Thursday, July 16, 2015

Mickey One (1965)

In 1965, Franchot played a secondary character in a Warren Beatty vehicle called Mickey One. Before I get started, I want to admit that Mickey One is not my favorite film. I found the shots and mood of the film interesting, but the actual story didn't do much for me. However, it is directed by Arthur Penn (who would direct Beatty again in the brilliant Bonnie and Clyde just two years later), and has achieved a cult status among modern viewers.

Warren Beatty is a successful stand-up comedian. His character performs at all the popular nightclubs and always has a beautiful woman on his arm. He appears to have everything in the opening scenes, but we soon learn that the mob has hold of him. Not sure of how he's incurred the wrath of the mafia, Beatty aims to pay his debts and move on with his life. He quickly learns that it isn't that easy. Paranoia follows him as he runs away from the life he knows and takes on the identity of Mickey One. Mickey is eager to experience and seeks out the fame of his comedy career again, all while being terrified that the  mafia will catch up to him and murder him.

How does Franchot factor in all of this? Well, he portrays Ruby Lapp, a club manager and sort of middle man for the mobsters. Mickey One never meets with the mafia itself, but always directly to Ruby, who advises him to play it safe. Ruby hints that Mickey is in trouble because he shared too much information in a Turkish bath. When the comedian runs away, Ruby warns him that he'll never be able to escape, that his debts will follow him for life. Franchot only has a few brief, quiet scenes in the film and his character, like most of the film's characters, is vague and a bit kooky.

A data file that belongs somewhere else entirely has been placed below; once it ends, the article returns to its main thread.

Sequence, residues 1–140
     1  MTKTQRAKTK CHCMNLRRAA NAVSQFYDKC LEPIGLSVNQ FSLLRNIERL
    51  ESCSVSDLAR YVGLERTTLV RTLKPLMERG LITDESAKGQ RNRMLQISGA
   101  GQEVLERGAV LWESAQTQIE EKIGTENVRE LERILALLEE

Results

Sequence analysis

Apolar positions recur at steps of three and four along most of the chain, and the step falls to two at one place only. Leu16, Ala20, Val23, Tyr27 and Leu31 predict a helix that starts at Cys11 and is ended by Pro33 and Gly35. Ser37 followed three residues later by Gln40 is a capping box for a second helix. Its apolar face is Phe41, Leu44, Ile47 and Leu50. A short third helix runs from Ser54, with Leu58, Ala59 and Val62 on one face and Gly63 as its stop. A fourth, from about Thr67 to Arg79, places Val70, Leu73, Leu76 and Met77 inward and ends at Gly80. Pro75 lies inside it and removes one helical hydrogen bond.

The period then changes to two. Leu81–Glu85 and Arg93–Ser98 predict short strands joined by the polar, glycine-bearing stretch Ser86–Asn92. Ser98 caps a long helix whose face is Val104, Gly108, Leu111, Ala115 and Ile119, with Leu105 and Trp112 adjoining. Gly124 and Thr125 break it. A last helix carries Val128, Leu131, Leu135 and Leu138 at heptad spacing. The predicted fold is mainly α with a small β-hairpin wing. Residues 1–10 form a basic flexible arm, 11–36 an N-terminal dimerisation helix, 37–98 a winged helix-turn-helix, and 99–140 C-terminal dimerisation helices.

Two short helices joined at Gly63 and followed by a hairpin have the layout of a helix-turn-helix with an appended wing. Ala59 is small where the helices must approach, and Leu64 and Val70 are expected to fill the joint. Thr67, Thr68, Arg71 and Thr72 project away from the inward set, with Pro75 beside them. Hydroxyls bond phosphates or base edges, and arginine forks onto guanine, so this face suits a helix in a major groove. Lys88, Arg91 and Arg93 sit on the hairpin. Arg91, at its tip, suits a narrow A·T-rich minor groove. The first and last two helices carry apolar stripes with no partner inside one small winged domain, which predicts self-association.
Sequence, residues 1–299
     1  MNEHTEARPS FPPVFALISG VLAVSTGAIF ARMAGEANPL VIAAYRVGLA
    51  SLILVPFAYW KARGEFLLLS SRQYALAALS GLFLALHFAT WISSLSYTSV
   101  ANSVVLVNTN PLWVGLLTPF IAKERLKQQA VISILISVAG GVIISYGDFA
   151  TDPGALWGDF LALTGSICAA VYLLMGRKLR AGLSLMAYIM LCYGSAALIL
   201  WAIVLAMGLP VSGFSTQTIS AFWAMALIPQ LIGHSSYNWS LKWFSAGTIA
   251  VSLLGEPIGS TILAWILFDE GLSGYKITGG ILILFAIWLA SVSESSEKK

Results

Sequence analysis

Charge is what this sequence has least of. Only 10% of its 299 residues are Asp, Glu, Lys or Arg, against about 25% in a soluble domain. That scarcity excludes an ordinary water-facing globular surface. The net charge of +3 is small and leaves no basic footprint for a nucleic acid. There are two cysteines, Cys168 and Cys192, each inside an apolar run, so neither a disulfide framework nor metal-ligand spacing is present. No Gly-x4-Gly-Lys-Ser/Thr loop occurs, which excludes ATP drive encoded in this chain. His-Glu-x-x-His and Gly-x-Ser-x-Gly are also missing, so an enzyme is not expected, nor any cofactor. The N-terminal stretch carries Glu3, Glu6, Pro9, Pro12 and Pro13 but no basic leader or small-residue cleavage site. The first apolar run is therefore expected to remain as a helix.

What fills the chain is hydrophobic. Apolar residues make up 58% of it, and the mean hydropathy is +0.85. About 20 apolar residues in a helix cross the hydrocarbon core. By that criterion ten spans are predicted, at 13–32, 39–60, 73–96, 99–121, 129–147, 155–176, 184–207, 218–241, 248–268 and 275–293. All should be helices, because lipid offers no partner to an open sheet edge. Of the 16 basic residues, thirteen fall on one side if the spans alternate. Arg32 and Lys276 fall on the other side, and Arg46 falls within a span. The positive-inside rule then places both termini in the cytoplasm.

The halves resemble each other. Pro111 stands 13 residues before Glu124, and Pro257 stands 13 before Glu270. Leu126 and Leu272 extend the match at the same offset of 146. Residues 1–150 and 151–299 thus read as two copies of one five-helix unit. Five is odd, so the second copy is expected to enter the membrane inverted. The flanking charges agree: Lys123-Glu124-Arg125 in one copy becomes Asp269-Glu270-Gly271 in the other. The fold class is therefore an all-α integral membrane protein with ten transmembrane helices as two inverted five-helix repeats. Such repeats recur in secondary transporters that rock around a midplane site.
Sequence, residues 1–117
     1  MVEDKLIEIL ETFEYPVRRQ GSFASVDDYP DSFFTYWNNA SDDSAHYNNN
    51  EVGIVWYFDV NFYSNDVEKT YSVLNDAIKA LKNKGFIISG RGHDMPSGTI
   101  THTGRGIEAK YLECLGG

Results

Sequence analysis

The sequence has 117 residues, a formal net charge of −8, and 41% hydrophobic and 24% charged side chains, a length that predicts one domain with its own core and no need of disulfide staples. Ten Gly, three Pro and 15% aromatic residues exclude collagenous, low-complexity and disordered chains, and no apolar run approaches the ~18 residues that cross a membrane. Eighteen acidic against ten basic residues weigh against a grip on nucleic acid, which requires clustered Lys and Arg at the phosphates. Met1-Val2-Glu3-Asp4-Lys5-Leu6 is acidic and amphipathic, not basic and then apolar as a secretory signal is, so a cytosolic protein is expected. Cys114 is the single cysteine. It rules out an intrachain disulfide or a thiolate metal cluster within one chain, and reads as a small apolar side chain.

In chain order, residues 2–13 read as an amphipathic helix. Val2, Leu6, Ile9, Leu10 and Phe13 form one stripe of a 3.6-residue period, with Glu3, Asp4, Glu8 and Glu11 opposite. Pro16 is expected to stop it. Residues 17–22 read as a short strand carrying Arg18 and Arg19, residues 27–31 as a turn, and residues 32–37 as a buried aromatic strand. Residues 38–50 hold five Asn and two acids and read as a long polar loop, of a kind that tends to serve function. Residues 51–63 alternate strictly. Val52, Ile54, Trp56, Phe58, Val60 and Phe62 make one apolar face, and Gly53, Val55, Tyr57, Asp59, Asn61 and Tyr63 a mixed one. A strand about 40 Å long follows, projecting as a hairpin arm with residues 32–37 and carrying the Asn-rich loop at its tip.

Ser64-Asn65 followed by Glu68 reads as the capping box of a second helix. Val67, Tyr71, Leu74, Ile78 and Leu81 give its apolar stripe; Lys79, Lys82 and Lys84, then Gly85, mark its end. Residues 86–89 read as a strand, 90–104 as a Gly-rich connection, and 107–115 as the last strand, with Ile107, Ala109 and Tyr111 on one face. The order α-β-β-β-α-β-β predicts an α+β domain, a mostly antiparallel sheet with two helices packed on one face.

Speaking of the film's kookiness, here's an odd little piece of trivia I uncovered while reading the original reviews of the film. (By the way, I felt better when I read that most reviewers were as confused about the plot as me.) In his first scene, there are close-ups of Franchot. I noticed what I thought was a dark scratch, stitch, or scar on the right side of his head (left side to viewer). As you are aware, I am a bit preoccupied with Franchot, so I wondered what was up with that. I found my answer in Dorothy Kilgallen's "The Voice of Broadway" column dated March 19, 1964:

"Franchot Tone will be a little late reporting to Chicago for his role with Warren Beatty in Mickey One. He tripped over his cat, got a black eye and had to have 10 stitches taken in his head."

(I've heard rumors that Franchot didn't have a cat and that the injury was caused by inebriation, but Franchot actually referred to having a cat in another context in another article around the same time.)

My favorite scene is shown in the screen captures below. This is when Franchot gives his big speech, telling Warren Beatty that the mob will control his entire life and that there is no escape or fix for it.

Watch Mickey One for its unique cinematic shots, combination of noir and new wave, and cult status. Don't watch it for a straightforward, cohesive plot.

Mickey One is available on DVD on Amazon.

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